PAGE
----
Tuesday, December 18, 2007

What Sells in the World of Children's Publishing?

That's an easy one — the books that kids actually read.

CNN.com has an article today called "Kids Are the Experts in Reviewing Children's Books." It reminds us that even children's-lit heavyweights have faced rejection, and that publishers can't always predict what will sell. And trust me, what will sell to a publisher's target market (and every publisher has one; that's just good business) is much higher on the agenda than what's special or unique or "good."

From my acquisitions and reviewing experience, I know firsthand that what I think is good differs from what others think is good. Good is so subjective. And as an author, I know that one publisher can hate an idea while another loves it; or an agent can think a book is so-so even as it becomes a steady seller and garners more reader fan mail than anything else I've done.

In the final analysis, it always comes down to the books children read. Not just what parents, teachers, and librarians buy for them because they like a book or think it's appropriate — but what keeps a child's interest, awakens her imagination, speaks to her real-life experience, gets her talking about reading (and sneaking extra chapters after bedtime), and inspires her to recommend that book and seek others. Kids know what they like to read. And those books become the biggest sellers, the classics. Fad and celebrity-penned books may open with strong sales, but they won't go the distance if lots of children aren't really, really reading them.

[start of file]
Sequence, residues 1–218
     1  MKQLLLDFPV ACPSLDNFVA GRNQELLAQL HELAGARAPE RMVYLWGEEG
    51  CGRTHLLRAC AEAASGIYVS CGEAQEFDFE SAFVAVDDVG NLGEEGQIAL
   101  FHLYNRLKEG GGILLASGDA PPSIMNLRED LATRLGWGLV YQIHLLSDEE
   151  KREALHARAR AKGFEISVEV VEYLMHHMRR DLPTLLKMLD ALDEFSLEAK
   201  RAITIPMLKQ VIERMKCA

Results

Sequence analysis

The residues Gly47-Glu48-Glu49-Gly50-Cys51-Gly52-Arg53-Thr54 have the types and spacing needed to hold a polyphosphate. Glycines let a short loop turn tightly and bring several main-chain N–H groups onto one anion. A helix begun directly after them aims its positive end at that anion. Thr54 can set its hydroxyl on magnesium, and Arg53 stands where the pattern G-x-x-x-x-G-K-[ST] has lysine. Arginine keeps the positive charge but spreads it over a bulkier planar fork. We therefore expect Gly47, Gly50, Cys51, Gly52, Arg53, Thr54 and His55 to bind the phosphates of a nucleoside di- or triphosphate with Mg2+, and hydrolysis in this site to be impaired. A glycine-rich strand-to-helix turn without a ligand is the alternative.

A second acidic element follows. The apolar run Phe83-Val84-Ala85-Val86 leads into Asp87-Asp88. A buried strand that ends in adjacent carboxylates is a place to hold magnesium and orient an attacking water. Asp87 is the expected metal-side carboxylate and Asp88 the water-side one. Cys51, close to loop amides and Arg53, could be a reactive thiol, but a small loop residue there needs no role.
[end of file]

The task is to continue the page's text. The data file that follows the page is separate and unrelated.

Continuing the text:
The point to this post? Oh, I don't know. How about, "Enjoy seeing real children reviewing books, courtesy of the CNN.com article."

And consider my advice —
  1. Take rejection, reviews (good and bad), and shiny bookstore displays with a salt lick.
  2. Continually work on developing ideas and techniques that will help you speak to your intended audience.
  3. And — by all means — take a page from Theodore Geisel's career (that's Dr. Seuss to you, buddy) and keep traveling your own best writing path. In other words, write what feels right to you, do the best work you can, seek out publishers who produce the types of stories you're really, really writing (hmmm, think there's a connection to what kids are really, really reading?), and hope that after 27 rejections your work will make it into the hands of generations of delighted youngsters who will never get enough of your timeless books.

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